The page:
I cannot let the week end without noting Julia’s doings.
When bad things happen it is easy to dwell on them, to obsess, to perseverate, to take the moment of the undesired happening and stretch it thin to see all of the possible consequences. I do all of that. And, close to relentlessly, worry. And I am quite the expert at that.
But when good things happen, I find I breathe them in and then let them flutter away. Sometimes I don’t even note them. Sometimes I note them, even write about them and then quickly forget them. I expect that this is a common phenomenon that needs changing. At least, in my life.
Julia had her first recital with her Berklee cello teacher on Sunday. She played Minute No. 3 by JS Bach, the fourth piece in the Suzuki 2 book. The first half is in first position; after the repeat, the second half switches from first to second positions. This piece has been a challenge for her. She has gotten through it with repeats close to perfectly, but not consistently. Sometimes the second position trips her up, sometimes the bowing. Added to this, she played it as a duet with another student on the piano. They practiced on two Saturdays during her lesson. Last Saturday during lesson, I sat with Julia as she played, and Miles, the teacher, sat with the piano player. To say it was a work in progress was quite generous.
Still, this piece represents an incredible effort on her part.
Julia was not very nervous for performance. She never is. This might be a delightful trait. However, she is not compelled by performance. Even practicing with the other student, when she had some trouble with her bow hold, she stopped to fix it. In the middle of the piece. During the concert, there were two students who did this sort of thing. One messed up and announced that he was starting again; the other paused and then picked up in the middle of her piece. When I asked Julia about the two musicians later, she said it was not a good idea to stop but it didn’t really bother her.
I have attempted to work on what might be my obsession about performance—never stop, never start again, the show must go on! I have tried counting through the piece and to continue when Julia stops, forcing her to catch up in some way. Well, that doesn’t really replicate what it feels like to play with another person. Working on this walks a fine line between instilling the idea of performance perfection and being very relaxed when she plays.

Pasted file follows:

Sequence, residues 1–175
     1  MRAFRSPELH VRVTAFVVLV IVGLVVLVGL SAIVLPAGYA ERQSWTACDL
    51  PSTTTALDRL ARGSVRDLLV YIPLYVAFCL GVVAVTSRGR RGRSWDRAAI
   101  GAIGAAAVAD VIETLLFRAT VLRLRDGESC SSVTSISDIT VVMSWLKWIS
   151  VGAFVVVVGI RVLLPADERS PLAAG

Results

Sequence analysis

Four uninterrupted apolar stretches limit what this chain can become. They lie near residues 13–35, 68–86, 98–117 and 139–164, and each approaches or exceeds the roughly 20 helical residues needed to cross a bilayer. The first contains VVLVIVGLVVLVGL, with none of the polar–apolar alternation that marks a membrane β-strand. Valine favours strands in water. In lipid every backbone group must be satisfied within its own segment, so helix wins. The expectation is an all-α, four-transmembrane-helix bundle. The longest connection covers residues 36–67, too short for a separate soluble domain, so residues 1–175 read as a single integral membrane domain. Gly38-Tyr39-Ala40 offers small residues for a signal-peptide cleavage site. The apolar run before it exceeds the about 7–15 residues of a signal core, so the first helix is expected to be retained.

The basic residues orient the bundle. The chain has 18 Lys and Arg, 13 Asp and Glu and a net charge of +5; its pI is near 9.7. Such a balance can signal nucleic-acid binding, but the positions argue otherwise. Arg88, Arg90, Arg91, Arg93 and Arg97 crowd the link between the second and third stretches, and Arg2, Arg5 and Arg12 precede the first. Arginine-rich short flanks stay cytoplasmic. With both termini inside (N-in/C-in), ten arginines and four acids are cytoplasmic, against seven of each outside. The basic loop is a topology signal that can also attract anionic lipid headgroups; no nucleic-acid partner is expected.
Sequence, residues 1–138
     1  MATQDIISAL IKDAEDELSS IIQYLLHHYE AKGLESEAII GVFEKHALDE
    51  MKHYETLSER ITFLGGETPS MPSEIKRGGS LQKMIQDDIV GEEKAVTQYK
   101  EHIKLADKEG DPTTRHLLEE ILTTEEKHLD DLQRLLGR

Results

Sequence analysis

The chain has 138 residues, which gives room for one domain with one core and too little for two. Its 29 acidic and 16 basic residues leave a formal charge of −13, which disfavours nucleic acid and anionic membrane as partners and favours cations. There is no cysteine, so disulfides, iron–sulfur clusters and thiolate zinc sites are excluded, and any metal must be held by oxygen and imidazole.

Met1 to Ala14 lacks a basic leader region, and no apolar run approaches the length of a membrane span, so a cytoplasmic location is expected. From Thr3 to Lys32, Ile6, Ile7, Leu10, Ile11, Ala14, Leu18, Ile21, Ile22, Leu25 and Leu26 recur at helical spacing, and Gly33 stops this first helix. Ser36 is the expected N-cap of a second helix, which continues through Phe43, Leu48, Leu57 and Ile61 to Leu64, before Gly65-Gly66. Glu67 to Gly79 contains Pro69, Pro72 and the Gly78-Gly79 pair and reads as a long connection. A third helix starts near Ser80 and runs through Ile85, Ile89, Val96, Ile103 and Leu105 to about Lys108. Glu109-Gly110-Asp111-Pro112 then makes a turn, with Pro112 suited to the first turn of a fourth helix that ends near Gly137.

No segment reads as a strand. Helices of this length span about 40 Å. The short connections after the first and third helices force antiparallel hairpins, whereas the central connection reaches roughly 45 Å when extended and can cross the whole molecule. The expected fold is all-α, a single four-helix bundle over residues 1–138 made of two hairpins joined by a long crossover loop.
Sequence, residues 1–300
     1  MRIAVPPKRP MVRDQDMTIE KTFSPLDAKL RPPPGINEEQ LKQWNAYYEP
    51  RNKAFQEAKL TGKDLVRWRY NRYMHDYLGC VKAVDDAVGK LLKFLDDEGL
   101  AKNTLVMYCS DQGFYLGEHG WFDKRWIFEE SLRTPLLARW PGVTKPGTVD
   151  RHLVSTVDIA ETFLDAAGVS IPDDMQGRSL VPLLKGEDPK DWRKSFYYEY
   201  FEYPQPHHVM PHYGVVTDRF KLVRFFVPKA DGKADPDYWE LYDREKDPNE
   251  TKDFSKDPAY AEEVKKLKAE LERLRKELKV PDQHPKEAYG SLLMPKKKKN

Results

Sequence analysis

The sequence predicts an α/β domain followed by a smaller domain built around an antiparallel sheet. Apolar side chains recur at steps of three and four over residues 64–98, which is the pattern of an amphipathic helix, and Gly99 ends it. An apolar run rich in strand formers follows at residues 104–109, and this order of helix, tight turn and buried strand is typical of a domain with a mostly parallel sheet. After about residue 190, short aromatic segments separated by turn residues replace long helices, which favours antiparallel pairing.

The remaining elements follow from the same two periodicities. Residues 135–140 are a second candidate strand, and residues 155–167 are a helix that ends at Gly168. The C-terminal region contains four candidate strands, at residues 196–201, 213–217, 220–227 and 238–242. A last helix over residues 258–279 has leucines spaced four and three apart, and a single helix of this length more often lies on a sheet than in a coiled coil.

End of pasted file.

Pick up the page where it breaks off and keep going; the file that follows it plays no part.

Accepting that the duet would probably not be perfect, we all dove in. I sat beside Julia, counting softly (she needed to be in control of the time and my counting meant she would not slow down), reminding her of the repeats (which she may or may not have needed) and miming the bowing (which is of great help to her) . Miles sat beside the piano player. I have no idea what he did for him, but Miles and I could see each other in case signaling was necessary.
It went off okay! Julia played pretty well, got through the whole piece with a few bowing mistakes and a few sour notes in second position. She was proud of herself although she hardly took a bow (we had not rehearsed a bow). She was positive about the experience as we drove away and said she would be willing try playing with the piano player again in the future.
Again, it is this time. Had there been no covid, Julia would have been playing in recitals at least once or twice a year. She did that when she was younger. The skills she gained in those past exercises were very rusty or possibly completely forgotten. It was so good that she decided to try again, even if it felt like a first time.
After the recital, we went to Cheshire’s with the aim of helping them do some work on the house to get ready for the shower. While Cheshire, Justin’s mom and I painted a room, Julia carted bundles from the first to the second floor and then helped Justin’s dad put the crib together. There have been plenty of times when Julia has gone to Cheshire’s house and disappeared into her phone and I was quite pleased that she was willing to work as hard as she did.
And then yesterday, Julia had her first official volunteer shift at the library. I didn’t know until the afternoon that during her Tuesday trip to the library, that started as a way to get her out of the classroom building, Julia asked to do some work and was allowed to. Thus, Thursday was not exactly her first day working. It was her first official day!
I drove her to the Library where she met her aide and went into the Library. Later, her aide reported in an email:
The library went great this morning! She signed in independently, put on her volunteer badge and got to work. Julia decided to work in the “Teen Section” and I attached pictures of her work below! When I told her it was time to leave she asked why she needed to leave and explained that “I really like working here” and “I need to do this for my job experience.” It was incredible and she even wanted to check out a book.
When they returned to the school building, Julia finished the cupcakes she had begun the day before by making frosting and frosting her cakes. She very happily gave them out to her comrades and saved one for me.
When I picked her up at the end of the school day, she confirmed what her aide had written and we went to spend time with her art mentor.
So, that’s it. I could pick apart all the good behaviors even more than I have, but suffice it to say that Julia had a good week—Sunday through Thursday—and hopefully today will be a good day as well!